German government pleased with results of stem cell law

August 3, 2004

Brussels, 02 Aug 2004

Germany has published a report on the first 18 months of regulations allowing the import and use of human embryonic stem cells for research purposes.

The report covers the period 1 July 2002 until 31 December 2003, during which seven applications for carrying out stem cell research were received by the Robert Koch Institute, which is responsible for reviewing applications. Five had been approved by the end of 2003. All approved applications involve the importing of stem cell lines registered at the US National Institute of Health.

The new law has already proved itself, according to Germany's health and research ministers, Ulla Schmidt and Edelgard Bulmahn, in particular by ensuring high ethical standards and creating safe conditions for research.

Stem cell research has always been a sensitive subject in Germany, but in 2002 Chancellor Gerhard Schröder argued in favour of allowing restricted research in order to prevent Germany from falling behind other countries in this field. The resulting law permits German scientists to conduct experiments using human embryonic stem cells for research considered to be important, to improve scientific knowledge in basic research, or to further medical knowledge of the development of diagnostic, preventative or therapeutic processes for the treatment of humans. Import and use must be approved by the Robert Koch Institute under the surveillance of an independent and central ethics commission on stem cell research.

'The submitted and approved applications for the import and use of human embryonic stem cells for research purposes show that the opportunities made possible by the stem cell law are being seized,' states the report.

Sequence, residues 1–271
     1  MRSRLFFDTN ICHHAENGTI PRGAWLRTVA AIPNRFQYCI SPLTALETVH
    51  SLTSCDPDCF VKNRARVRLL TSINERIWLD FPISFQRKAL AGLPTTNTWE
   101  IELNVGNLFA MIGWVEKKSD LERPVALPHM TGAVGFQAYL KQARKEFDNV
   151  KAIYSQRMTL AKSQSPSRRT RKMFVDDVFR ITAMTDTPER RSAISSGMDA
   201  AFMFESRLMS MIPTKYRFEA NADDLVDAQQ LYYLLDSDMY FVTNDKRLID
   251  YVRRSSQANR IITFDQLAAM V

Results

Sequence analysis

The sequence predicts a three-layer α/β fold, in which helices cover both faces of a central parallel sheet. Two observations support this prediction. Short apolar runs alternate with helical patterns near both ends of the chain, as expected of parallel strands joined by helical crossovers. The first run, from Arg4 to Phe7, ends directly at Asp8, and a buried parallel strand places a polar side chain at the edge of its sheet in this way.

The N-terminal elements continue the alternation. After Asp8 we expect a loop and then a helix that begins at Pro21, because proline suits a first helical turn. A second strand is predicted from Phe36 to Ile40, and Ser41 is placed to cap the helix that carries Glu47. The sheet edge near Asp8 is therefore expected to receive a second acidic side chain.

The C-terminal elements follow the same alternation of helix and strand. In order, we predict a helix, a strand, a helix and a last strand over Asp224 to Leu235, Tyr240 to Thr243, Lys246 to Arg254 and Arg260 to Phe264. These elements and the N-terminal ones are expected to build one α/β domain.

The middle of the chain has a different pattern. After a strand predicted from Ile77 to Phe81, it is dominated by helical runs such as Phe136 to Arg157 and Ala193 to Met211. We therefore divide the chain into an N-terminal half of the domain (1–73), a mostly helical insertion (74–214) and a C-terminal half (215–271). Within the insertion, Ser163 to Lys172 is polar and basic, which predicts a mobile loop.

'The compulsory regulations on the conditions for allowing imports and the use of human embryonic stem cells for research purposes, the approval process and the setting up of an independent central ethics commission for stem cell research with the task of checking and assessing the approval conditions that are part of the authorisation process have proved themselves valuable,' continues the report.'

The research approved between 1 July 2002 and 31 December 2003 includes a project that will procure neural and glial cells from human embryonic stem cells and investigating their development and regeneration potential in an animal model. A second project will involve differentiating between the human embryonic stem cells in heart muscle cells and characterising these cells, while a third will develop an in-vitro system for the analysis of neurotoxic effects on human embryonic stem cells.

To access the report, please consult the following web address:
http://www.bmbf.de/pub/erster_stammzellb ericht.pdf

CORDIS RTD-NEWS / © European Communities
Item source: http://dbs.cordis.lu/cgi-bin/srchidadb?C ALLER=NHP_EN_NEWS&ACTION=D&SESSION=&RCN= EN_RCN_ID:22401

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